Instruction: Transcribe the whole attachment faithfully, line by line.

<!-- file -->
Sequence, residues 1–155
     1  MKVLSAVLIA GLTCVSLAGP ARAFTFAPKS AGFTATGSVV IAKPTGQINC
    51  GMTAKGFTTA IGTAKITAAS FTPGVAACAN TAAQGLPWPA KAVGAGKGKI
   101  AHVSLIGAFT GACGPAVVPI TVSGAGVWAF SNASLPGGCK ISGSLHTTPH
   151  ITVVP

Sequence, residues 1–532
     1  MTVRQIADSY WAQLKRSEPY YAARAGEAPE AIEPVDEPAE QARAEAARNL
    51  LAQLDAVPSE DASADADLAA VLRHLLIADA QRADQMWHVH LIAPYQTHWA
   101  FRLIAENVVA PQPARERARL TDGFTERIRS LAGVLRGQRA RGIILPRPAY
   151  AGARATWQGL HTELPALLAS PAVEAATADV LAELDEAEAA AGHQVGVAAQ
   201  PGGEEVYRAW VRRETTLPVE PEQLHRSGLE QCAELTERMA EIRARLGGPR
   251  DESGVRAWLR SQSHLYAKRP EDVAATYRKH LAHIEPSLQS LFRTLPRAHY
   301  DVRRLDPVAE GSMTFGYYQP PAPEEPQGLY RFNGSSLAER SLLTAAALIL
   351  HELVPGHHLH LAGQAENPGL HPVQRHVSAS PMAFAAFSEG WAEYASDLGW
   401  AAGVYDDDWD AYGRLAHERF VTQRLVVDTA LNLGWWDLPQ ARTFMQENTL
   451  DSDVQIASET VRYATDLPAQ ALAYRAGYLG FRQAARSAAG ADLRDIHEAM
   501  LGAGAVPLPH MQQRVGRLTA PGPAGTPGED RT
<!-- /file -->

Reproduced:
Sequence, residues 1–155
     1  MKVLSAVLIA GLTCVSLAGP ARAFTFAPKS AGFTATGSVV IAKPTGQINC
    51  GMTAKGFTTA IGTAKITAAS FTPGVAACAN TAAQGLPWPA KAVGAGKGKI
   101  AHVSLIGAFT GACGPAVVPI TVSGAGVWAF SNASLPGGCK ISGSLHTTPH
   151  ITVVP

Sequence, residues 1–532
     1  MTVRQIADSY WAQLKRSEPY YAARAGEAPE AIEPVDEPAE QARAEAARNL
    51  LAQLDAVPSE DASADADLAA VLRHLLIADA QRADQMWHVH LIAPYQTHWA
   101  FRLIAENVVA PQPARERARL TDGFTERIRS LAGVLRGQRA RGIILPRPAY
   151  AGARATWQGL HTELPALLAS PAVEAATADV LAELDEAEAA AGHQVGVAAQ
   201  PGGEEVYRAW VRRETTLPVE PEQLHRSGLE QCAELTERMA EIRARLGGPR
   251  DESGVRAWLR SQSHLYAKRP EDVAATYRKH LAHIEPSLQS LFRTLPRAHY
   301  DVRRLDPVAE GSMTFGYYQP PAPEEPQGLY RFNGSSLAER SLLTAAALIL
   351  HELVPGHHLH LAGQAENPGL HPVQRHVSAS PMAFAAFSEG WAEYASDLGW
   401  AAGVYDDDWD AYGRLAHERF VTQRLVVDTA LNLGWWDLPQ ARTFMQENTL
   451  DSDVQIASET VRYATDLPAQ ALAYRAGYLG FRQAARSAAG ADLRDIHEAM
   501  LGAGAVPLPH MQQRVGRLTA PGPAGTPGED RT